Picard’s “Disengage” in Review
The episode “Disengage” acts as more of a bottle show than the previous installment, with minimum sets but maximum drama. It will likely go down in Star Trek history as the episode where Picard gained a son. How will the man who told Will Riker, in the TNG pilot “Encounter at Farpoint”, that he was “not a family man” react to this news?
This episode opens with a flashback showing Beverly Crusher’s son in command of the S.S. Eleos. He’s attempting to bring aid to a plague-riddled world but is intercepted by a number of Fenris Rangers who relay his location to a mysterious woman.
Continuing from last week’s cliffhanger, the Eleos is now disabled and being confronted by a huge enemy vessel. Meanwhile on the Titan, Seven of Nine appeals to Captain Shaw to rescue the Starfleet legends. He profusely refuses and the enemy ship destroys the Eleos’ only shuttle, making escape impossible… at least for now.
After the opening titles, we return to M’Talas Prime, where Raffi is struggling with guilt that she wasn’t fast enough to save a Federation recruitment bureau in the previous episode. Spurned on by a news report of the incident, she continues her investigation into the culprits of the terrorist attack. Raffi contacts her mysterious handler, who is insistent that she disengage her search, warning that it could otherwise result in her death too.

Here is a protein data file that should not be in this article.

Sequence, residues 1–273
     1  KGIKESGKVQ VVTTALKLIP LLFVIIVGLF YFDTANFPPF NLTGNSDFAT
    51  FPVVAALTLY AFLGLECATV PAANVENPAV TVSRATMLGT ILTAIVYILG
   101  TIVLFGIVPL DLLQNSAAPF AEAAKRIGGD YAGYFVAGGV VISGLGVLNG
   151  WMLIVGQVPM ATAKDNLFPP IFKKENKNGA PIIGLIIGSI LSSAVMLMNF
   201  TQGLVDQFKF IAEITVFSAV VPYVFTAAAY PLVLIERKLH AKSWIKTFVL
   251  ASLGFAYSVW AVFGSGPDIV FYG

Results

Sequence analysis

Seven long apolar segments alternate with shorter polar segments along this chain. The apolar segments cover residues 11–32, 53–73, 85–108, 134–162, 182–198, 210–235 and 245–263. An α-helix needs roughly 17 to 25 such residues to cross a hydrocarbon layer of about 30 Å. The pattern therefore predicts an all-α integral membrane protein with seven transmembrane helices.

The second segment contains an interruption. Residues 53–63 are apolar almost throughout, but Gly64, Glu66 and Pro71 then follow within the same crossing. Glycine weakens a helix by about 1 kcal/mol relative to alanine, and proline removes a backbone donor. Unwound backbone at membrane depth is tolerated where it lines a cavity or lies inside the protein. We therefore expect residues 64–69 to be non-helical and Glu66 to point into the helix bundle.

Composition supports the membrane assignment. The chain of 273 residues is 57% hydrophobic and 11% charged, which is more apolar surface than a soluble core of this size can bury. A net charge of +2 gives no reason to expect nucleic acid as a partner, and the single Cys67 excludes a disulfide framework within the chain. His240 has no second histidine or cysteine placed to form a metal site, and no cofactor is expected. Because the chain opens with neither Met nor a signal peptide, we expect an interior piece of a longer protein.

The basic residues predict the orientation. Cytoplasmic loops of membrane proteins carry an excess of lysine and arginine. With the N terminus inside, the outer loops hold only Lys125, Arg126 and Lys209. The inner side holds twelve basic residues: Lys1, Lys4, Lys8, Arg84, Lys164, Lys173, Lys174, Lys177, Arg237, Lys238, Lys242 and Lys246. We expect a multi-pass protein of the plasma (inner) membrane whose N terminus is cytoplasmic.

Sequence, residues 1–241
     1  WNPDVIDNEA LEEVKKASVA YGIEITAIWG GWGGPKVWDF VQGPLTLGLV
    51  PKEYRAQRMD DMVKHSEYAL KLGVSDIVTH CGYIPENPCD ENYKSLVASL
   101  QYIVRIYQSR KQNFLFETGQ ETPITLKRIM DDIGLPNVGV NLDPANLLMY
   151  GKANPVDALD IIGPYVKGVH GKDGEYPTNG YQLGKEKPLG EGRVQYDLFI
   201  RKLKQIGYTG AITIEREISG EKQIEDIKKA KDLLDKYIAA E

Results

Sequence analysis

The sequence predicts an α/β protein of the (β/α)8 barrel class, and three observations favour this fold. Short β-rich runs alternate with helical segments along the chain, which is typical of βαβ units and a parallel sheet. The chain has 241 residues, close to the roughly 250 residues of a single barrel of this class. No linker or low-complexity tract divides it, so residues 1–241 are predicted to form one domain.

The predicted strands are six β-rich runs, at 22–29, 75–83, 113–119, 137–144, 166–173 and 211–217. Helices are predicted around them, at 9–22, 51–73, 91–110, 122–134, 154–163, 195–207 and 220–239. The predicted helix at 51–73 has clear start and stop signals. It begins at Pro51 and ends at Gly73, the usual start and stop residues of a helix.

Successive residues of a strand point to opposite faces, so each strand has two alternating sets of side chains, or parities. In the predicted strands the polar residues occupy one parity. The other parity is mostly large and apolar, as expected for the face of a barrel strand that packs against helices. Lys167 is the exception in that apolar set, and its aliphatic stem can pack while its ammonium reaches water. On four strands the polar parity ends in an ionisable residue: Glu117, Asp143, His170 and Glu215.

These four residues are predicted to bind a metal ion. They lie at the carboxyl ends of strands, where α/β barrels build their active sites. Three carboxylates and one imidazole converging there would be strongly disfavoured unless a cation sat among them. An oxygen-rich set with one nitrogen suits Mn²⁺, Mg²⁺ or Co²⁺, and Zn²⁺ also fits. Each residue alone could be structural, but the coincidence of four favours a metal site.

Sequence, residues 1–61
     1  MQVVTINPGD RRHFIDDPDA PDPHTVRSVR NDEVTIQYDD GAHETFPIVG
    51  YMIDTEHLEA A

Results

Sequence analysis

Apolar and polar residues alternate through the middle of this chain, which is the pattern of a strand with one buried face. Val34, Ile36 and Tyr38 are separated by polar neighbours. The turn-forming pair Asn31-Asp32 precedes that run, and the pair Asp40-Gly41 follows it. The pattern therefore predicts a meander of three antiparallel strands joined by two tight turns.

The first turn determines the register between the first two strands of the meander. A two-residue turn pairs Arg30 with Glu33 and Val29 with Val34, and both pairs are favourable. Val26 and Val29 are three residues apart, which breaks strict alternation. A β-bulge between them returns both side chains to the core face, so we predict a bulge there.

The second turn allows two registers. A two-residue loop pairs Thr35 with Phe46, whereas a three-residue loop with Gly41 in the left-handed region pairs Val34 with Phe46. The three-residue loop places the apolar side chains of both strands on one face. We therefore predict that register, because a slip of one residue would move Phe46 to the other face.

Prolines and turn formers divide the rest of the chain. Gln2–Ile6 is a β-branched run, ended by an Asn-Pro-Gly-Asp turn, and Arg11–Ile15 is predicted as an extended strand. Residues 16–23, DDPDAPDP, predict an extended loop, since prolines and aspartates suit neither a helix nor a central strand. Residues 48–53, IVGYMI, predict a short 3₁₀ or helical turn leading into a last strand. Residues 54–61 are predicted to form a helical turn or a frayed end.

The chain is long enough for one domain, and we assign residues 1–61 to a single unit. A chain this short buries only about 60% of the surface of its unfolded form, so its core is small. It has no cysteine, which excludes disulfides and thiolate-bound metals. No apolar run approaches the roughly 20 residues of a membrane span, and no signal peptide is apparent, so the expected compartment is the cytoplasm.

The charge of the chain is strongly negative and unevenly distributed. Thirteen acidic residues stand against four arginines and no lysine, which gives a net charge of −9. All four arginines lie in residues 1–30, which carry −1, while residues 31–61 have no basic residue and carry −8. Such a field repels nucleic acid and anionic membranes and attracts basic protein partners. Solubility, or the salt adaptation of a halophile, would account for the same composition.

On board the Eleos, Picard and Riker, along with the passenger they’ve found, foil an attempt to beam the young man aboard the enemy ship. They also manage to repeal a boarding party, but the opposing vessel attaches a tractor beam to the crippled Eleos, slowly crushing it. With destruction seemingly imminent, the young man turns to Picard and states, “Well, it was nice meeting you.” It’s a genuine moment from the young passenger, and the scene adds an emotional complexity to their relationship. Moments before the Eleos can be destroyed, the Titan warps between the two vessels, finally aiding the Eleos and beaming Picard, Riker, the comatose Crusher, and her son aboard.
Raffi’s investigation leads to a reunion with her ex-husband. This scene highlights the season’s stronger writing. It would have been easy to have written a short scene where Raffi gets the information she requires from a nameless character, but bringing in her ex-husband adds a personal dynamic to her story. Raffi being given the choice between having a potential reunification with her estranged family or access to information that could help Starfleet is a heart-breaking conundrum. Actress Michelle Hurd should be commended for her performance in this scene, completely selling the torment of her choice.
Picard, Riker, and their newfound companion join the crew of the Titan on the bridge, where the ship’s personnel are hailed by the frankly unhinged Vadic, commander of the enemy ship. She identifies Captain Liam Shaw and the newly encountered young man by their full names, referring to the latter as “Jack Crusher”. Vadic also reveals that he’s sometimes broken the law. She gives the crew an ultimatum — hand him over within one hour, or face destruction.
For good measure, Vadic uses her tractor beam to throw the Eleos at the Titan. Of all the episode’s effects shots, this must be the highlight. It’s a shocking moment, the like of which we have never seen before.